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Despite the average American white male believing otherwise, baseball is an exotic niche sports to most of the world’s population. Easy enough to be understood, making a movie about it or before the background of it is bold, as sports movies have a hard time with the best of sports – even more so with a sports where 70 per cent of the time is spent on spitting and grabbing your own crotch.

Of course, “Moneyball” comes from a different direction, one where it does not really matter what sport is at the center of the action. The important ingredients are: it is a traditional sport that will show plenty of resentment against introducing innovation in management, and it needs to be a sport with high commercial stakes. Then it works: the introduction of a new general manager, who brings in ideas about selecting players based on sound statistical analysis rather than the gut feeling of some scouts, the massive risks taken by hiring problem payers, underdogs, ageing stars or anybody else where affordability meets expectation value in the field – all that makes a bold management thriller rather than a sports movie. It is safe to assume that Aaron Sorkin saved the day by proving (mainly through “The Social Network”) that a topic completely irrelevant to most audiences can be turned into an atmospheric portrait of men fighting adversity.  Well done again, and well done Brad Pitt and Jonah Hill for staying upright at the center of this.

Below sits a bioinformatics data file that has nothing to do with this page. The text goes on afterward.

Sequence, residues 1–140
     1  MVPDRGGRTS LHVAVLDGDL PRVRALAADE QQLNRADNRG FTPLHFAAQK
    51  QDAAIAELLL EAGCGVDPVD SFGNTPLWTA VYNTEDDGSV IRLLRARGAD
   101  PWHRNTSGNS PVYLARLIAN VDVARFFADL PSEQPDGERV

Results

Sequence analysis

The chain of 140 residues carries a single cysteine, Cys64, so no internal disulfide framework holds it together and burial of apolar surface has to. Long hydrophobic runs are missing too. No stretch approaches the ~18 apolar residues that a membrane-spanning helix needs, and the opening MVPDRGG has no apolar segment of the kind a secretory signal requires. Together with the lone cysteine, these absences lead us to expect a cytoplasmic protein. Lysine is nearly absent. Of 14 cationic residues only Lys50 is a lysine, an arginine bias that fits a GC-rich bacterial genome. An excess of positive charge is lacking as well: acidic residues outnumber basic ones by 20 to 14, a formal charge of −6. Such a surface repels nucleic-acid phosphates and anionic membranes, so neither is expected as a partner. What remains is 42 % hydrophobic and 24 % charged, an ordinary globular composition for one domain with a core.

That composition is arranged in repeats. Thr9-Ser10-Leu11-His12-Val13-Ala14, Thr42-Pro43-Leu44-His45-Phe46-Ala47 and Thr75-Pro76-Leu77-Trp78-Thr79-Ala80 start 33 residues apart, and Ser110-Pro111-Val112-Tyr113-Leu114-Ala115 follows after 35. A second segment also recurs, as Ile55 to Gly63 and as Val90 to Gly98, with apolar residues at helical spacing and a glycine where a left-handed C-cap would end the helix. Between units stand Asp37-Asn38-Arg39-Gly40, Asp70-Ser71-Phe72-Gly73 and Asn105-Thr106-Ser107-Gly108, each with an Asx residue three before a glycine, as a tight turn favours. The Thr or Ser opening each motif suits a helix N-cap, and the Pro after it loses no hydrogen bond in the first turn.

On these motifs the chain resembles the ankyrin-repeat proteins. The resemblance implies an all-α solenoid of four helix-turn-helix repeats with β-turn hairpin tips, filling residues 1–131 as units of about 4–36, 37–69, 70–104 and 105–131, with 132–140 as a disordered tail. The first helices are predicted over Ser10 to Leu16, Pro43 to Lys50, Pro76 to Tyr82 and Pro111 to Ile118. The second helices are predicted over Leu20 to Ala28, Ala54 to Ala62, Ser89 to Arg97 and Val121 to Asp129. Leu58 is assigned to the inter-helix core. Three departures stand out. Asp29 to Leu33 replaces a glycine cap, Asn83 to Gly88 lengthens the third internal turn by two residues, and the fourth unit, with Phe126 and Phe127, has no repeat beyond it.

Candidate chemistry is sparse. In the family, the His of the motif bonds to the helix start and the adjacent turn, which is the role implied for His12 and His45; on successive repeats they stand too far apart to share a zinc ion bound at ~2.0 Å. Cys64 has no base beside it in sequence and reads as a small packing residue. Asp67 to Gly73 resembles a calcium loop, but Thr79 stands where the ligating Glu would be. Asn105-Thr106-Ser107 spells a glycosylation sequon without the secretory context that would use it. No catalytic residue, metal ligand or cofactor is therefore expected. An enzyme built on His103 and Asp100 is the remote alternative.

http://www.rottentomatoes.com/m/moneyball/

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One Comment

  1. Nice Review, I too enjoyed this film. I sort of wish that their were a few less scenes of Pitt driving around in his truck but other than that I thought it was well done. It’s a baseball movie for people that don’t care about baseball.


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